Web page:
Post-op.

My arthroscopic knee surgery is complete. I’ve got a few more days of slowly getting used to using it again, and another couple of months of geting it stronger and back to normal.
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I have to admit to having had a little fear over being put under for the operation. It had been nearly 50 years since the last time I was under general anesthesia (1966– I was four years old– can you believe it?). But it was relatively simple. One minute I was awake, and the next I woke up in recovery. And fortunately, no nausea like a few people had warned me about.

The thing I was most proud of was the fact that I fought for, and won, the right to keep my insulin pump on through everything. In coordination with my endocrinologist, we agreed to do a fifteen percent reduction in my basal rate after midnight. The surgery took place around 9:30 a.m.

I got my endocrinologist to write an okay for me to keep everything running during surgery, and she also included all my basal settings, insulin-to-carb ratio and correction factor numbers, and sent it to the orthopedist. In addition, I gave the staff detailed instructions I wrote up (photos included) on suspending and restarting my pump, and disconnecting my pump, should that have been necessary. They probably thought I was nuts, but better to leave nothing to chance while you’re unconscious.

I should also mention that I spent some time cleaning up my pump the night before, since I knew I was going into a sterile environment. That wasn’t a requirement, but I thought it would be a respectful thing to do.

We did glucose checks before and after (the procedure was only half an hour start to finish). I was 181 mg/dL pre-op, even though I had been fasting since about 10:30 the night before (hello, nerves). I was 151 mg/dL post-op.

I was told I had a significant tear of my interior meniscus, and that got fixed. The doctor also told me I had some arthritis in my knee, and he cleaned that out. I don’t know much about arthritis, so I don’t know if that makes sense.

At any rate, like I said, I’ve got to work on getting steady on my feet enough to get back to work on Monday. After that, I need to get everything stronger little by little, every day. In a couple of months, I hope to get back to riding my bike and swimming some (as a workout, as opposed to just soaking).

Now that it’s over, I’m eager to get this chapter behind me as soon as possible, and get back to feeling good, and being as healthy as possible.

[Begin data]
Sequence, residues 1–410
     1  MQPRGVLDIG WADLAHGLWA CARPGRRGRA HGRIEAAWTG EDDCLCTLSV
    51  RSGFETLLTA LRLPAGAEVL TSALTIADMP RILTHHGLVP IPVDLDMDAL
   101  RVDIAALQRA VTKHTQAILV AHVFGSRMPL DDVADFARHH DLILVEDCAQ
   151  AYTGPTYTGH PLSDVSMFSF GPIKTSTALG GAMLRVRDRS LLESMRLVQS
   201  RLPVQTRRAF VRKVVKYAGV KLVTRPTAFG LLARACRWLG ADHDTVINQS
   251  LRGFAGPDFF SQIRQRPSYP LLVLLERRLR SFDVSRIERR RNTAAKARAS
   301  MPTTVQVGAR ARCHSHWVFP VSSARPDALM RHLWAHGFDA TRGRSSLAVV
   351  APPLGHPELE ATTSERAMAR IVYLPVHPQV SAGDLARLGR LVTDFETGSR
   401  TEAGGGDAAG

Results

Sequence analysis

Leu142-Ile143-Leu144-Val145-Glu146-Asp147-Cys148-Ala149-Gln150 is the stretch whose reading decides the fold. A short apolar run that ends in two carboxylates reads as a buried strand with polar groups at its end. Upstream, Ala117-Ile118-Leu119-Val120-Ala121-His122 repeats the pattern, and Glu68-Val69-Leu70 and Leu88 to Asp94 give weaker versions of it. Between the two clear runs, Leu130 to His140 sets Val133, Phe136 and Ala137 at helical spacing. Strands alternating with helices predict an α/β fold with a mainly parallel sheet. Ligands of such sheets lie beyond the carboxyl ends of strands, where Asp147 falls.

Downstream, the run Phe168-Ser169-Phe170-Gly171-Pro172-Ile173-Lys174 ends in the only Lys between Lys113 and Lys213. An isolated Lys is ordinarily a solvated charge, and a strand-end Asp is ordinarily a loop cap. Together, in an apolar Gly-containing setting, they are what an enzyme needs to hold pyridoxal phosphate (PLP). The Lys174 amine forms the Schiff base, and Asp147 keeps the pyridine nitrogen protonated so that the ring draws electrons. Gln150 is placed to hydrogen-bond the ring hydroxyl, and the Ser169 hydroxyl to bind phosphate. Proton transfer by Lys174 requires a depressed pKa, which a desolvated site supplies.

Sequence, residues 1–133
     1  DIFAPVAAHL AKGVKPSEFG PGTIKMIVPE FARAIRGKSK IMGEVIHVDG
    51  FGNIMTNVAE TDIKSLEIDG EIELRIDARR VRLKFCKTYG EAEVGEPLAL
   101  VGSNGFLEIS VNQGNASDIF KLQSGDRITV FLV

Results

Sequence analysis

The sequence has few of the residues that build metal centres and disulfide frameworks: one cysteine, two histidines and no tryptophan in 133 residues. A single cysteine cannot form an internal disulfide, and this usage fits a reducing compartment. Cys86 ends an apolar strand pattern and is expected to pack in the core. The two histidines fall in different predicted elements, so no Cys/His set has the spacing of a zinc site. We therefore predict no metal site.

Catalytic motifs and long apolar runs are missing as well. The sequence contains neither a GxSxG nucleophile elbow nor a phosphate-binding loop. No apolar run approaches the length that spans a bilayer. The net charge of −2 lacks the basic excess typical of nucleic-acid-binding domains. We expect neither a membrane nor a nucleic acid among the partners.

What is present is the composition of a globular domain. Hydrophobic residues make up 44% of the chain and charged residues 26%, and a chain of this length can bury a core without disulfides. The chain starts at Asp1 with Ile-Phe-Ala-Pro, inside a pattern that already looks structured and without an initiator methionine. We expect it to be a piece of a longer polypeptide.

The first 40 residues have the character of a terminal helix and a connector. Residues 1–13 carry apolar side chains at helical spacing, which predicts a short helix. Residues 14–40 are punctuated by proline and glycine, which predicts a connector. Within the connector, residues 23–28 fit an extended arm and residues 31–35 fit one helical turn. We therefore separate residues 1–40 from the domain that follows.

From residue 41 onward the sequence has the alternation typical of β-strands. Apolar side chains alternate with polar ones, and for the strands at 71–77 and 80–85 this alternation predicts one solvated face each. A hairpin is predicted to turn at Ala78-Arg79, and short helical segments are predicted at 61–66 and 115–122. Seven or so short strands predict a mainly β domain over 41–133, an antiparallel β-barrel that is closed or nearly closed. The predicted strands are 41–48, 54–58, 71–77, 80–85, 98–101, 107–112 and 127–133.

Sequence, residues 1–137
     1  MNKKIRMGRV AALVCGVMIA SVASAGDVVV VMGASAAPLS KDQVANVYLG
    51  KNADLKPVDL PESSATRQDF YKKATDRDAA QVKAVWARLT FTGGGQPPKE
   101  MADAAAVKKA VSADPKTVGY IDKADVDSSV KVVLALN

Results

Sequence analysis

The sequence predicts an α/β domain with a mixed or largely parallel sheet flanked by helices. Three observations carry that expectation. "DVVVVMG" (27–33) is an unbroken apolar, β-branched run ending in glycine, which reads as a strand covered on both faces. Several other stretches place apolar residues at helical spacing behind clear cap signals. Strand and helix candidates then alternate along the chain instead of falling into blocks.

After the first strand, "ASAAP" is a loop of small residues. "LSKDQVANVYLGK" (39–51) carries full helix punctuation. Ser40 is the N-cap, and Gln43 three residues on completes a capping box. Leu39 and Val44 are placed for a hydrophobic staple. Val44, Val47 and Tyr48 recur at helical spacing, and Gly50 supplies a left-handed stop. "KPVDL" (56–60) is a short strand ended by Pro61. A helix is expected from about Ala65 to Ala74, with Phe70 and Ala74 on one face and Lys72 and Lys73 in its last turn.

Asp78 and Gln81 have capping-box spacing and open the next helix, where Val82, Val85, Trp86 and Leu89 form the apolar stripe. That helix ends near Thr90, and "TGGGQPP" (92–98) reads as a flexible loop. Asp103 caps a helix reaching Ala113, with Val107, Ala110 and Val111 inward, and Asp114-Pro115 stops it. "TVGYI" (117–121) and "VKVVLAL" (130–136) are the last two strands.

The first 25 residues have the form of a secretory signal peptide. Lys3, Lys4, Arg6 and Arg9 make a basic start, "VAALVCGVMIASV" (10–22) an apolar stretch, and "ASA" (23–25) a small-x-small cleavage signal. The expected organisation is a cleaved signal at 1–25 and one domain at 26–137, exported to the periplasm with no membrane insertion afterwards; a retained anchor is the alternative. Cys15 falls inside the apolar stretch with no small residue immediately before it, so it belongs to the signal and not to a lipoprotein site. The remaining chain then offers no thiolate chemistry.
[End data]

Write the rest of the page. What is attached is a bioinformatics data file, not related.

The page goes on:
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Comments

  • Katy  On June 12, 2015 at 9:24 am

    If you hadn’t “won” the discussion of whether to keep the pump running, what would that have looked like?

    Maybe you covered that in another post.

    I’m going to go look. Happy healing!

    Liked by 1 person

    • StephenS  On June 12, 2015 at 9:31 am

      Katy, thanks for looking, but this is the first time I’ve talked about it. I think if I wouldn’t have been able to keep the pump on, in this case, it would have required me to go the injection route, since it was such a short procedure. If it would have been something that required more time, I probably would have written out detailed MDI instructions. Thanks!

      Like

  • Karen  On June 12, 2015 at 10:24 am

    I’m so glad everything went well. And yay for fighting for the right to keep your insulin pump on!! Great idea to give them very detailed instructions – I’m sure that gave them peace of mind just as much as it did you. Here’s to a great recovery!!

    Like

  • pavedsilverroads  On June 12, 2015 at 3:44 pm

    I have so been there, had my ACL reconstructed and menial meniscus sipped in 2000. This was pre-insulin pump and I had to postpone the surgery for a month because the first time my BG was over 200 and it wouldn’t come down (imagine that, after taking a half dose of R/N at 6 the night before…). Glad to hear everything went well for you!

    Liked by 1 person

  • Laddie  On June 13, 2015 at 12:03 pm

    Glad your surgery went well and you’re on the mend:-)

    Liked by 1 person

  • Ally  On June 13, 2015 at 11:52 pm

    Hooray for a successful surgery day! Wishing you a speedy recovery!

    Liked by 1 person

  • Mike Hoskins (@MHoskins2179)  On June 16, 2015 at 12:58 pm

    Glad it went well, and you’re on the road to recovery! Here’s to taking it easy and getting back to where you want to be.

    Liked by 1 person

  • Jenn C (@JennMamaBear)  On June 23, 2015 at 1:48 pm

    The few times I’ve had surgery since getting my pump, only once did I not have it attached during the actual surgery. It was reattached as soon as I was awake enough to manage my diabetes myself again. After all, as the doctor put it, “You know better how to take care of your diabetes than we do.” The last two surgeries I’ve had a CGM. The first time the anesthesiologist hadn’t dealt with one before, but ended up loving it (before it went blank) and wished all his diabetic patients had one. The second time the anesthesiologist knew of them, had dealt with them, and laughed that mine has a name.

    I’m so glad your surgery was successful and hope you recover as quickly as possible.

    Liked by 1 person

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